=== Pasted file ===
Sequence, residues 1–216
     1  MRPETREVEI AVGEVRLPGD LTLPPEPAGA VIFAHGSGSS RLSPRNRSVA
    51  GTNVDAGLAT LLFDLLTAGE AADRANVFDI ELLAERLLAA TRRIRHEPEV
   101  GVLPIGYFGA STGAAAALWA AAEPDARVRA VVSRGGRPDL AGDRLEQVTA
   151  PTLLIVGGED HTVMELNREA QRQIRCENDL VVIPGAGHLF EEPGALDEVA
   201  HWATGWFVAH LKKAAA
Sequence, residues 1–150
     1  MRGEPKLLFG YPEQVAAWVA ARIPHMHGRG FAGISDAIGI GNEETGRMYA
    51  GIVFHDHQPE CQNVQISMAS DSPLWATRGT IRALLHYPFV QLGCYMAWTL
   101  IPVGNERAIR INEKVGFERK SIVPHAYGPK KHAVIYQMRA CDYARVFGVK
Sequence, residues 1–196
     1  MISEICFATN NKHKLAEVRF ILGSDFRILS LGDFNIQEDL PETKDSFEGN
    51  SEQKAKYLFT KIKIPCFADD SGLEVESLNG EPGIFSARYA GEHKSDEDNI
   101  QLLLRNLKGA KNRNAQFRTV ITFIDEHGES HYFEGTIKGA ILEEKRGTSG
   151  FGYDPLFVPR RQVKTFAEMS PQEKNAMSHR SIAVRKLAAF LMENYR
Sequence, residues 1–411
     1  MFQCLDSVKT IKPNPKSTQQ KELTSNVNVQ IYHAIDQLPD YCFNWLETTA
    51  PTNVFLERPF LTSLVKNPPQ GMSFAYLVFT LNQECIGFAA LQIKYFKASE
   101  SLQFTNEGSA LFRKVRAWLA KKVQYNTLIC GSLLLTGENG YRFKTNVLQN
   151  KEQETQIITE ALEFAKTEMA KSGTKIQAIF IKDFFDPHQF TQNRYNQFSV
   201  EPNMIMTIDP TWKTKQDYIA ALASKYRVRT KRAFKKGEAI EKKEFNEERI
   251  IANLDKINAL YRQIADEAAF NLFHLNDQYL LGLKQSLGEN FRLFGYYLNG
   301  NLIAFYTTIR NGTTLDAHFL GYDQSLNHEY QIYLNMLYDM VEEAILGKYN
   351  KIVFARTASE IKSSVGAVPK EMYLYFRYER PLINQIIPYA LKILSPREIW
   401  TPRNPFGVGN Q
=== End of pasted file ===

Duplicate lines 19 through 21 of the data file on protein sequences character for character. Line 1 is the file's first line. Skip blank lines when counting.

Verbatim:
   101  SLQFTNEGSA LFRKVRAWLA KKVQYNTLIC GSLLLTGENG YRFKTNVLQN
   151  KEQETQIITE ALEFAKTEMA KSGTKIQAIF IKDFFDPHQF TQNRYNQFSV
   201  EPNMIMTIDP TWKTKQDYIA ALASKYRVRT KRAFKKGEAI EKKEFNEERI